Lake States maintain hub for hardwood court production
From NBA to Olympics, locally crafted basketball courts are appreciated globally
MADISON, Wis. -- There was much to celebrate as the Wisconsin Bucks clinched the NBA Championship title earlier this year for the first time since 1971. The players themselves deserve praise, of course, but there was another impressive participant that many overlooked: the court itself.
From college to professional level, basketball in Wisconsin has brought much excitement to sports fans across the state, and a common thread throughout has been a quality, hardwood floor.
Not much changed in court design during the 50 years between Milwaukee’s NBA championship wins, nor for that matter, since James Naismith invented the game back in 1891.
Basketball courts are typically crafted from hard maple, which includes both the sugar maple and black maple species. Of the thirty NBA teams, only the Boston Celtics forgo the maple and instead use red oak wood in their signature parquet floor at The Boston Garden.
For the rest of the courts, hard maple is often sourced from the hardwood forests in the upper Midwest. The tight grain of hard maple wood gives it the hardness and durability needed to withstand the regular stress caused by players running up and down the court. Safety is another important consideration when constructing a court. Various natural and synthetic subfloors are used to supply cushioning beneath the floor. This helps absorb some of the energy and reduce injury for players while also preventing the wood from cracking and denting.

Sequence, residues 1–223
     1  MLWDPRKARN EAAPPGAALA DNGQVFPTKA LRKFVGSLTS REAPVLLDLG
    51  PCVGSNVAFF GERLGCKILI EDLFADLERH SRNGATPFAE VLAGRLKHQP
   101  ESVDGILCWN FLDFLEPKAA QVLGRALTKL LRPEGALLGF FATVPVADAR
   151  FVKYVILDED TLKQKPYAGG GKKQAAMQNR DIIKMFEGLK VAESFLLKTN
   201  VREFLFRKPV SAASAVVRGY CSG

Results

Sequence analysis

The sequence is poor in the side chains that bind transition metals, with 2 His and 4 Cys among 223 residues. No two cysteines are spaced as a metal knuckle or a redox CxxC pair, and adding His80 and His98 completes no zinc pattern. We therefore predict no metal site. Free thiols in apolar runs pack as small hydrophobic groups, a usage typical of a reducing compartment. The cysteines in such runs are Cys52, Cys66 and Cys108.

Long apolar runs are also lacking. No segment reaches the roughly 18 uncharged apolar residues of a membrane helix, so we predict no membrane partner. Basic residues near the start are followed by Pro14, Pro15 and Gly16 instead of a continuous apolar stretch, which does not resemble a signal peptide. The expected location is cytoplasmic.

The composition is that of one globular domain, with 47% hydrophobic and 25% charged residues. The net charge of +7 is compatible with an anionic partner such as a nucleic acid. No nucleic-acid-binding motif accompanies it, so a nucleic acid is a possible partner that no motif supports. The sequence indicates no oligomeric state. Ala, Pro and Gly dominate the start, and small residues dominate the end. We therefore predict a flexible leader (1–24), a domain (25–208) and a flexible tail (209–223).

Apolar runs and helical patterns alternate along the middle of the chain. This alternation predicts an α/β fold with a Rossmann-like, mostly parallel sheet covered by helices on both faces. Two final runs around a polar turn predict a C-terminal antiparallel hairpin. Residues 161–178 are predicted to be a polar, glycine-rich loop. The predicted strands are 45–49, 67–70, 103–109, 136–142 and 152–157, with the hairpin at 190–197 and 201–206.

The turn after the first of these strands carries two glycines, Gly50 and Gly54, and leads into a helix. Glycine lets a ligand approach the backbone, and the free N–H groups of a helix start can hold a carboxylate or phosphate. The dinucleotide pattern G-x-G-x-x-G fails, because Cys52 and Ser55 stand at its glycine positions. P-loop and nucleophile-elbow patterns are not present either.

The court in Milwaukee’s Fiserv Forum arena was crafted from sustainable hard maple wood supplied by Menominee Tribal Enterprises (MTE). Of the trees in the over 230,000-acre Menominee Forest, 23% are sugar maple, which has helped supply a foundation for MTE’s over 35 years of basketball flooring experience.
Once harvested, the wood is sent up the road to MTE’s sawmill in Neopit, Wis. About 225 hard maple panels are cut and milled for each basketball court. To complete the court for the Bucks, MTE supplied their lumber to a fellow Midwest company, Connor Sports in Amasa, Mich. Connor Sports manufactures the hardwood flooring and installs the courts.
At this stage, the light color of hard maple wood makes it an attractive choice for basketball courts. The flooring can be produced in three different grades, which correspond to the amount of color variation in it. When the court finisher takes over in the process, they pair the natural color with creative stain designs and colorful paint to create a final product that meets each team’s customized design.
From local schools to NCAA March Madness and NBA arenas, MTE and Connor Sports have partnered on numerous projects both near and far. The Bucks’ court may be a local favorite, but what is proudly produced in the small communities of Wisconsin and Michigan can even end up on a world stage. When the U.S. men’s and women’s basketball teams won gold medals this past summer at the Tokyo Olympic Games, they were standing on a court that had traveled 6,000 miles across the world from the hardwood forests right here in the upper Midwest.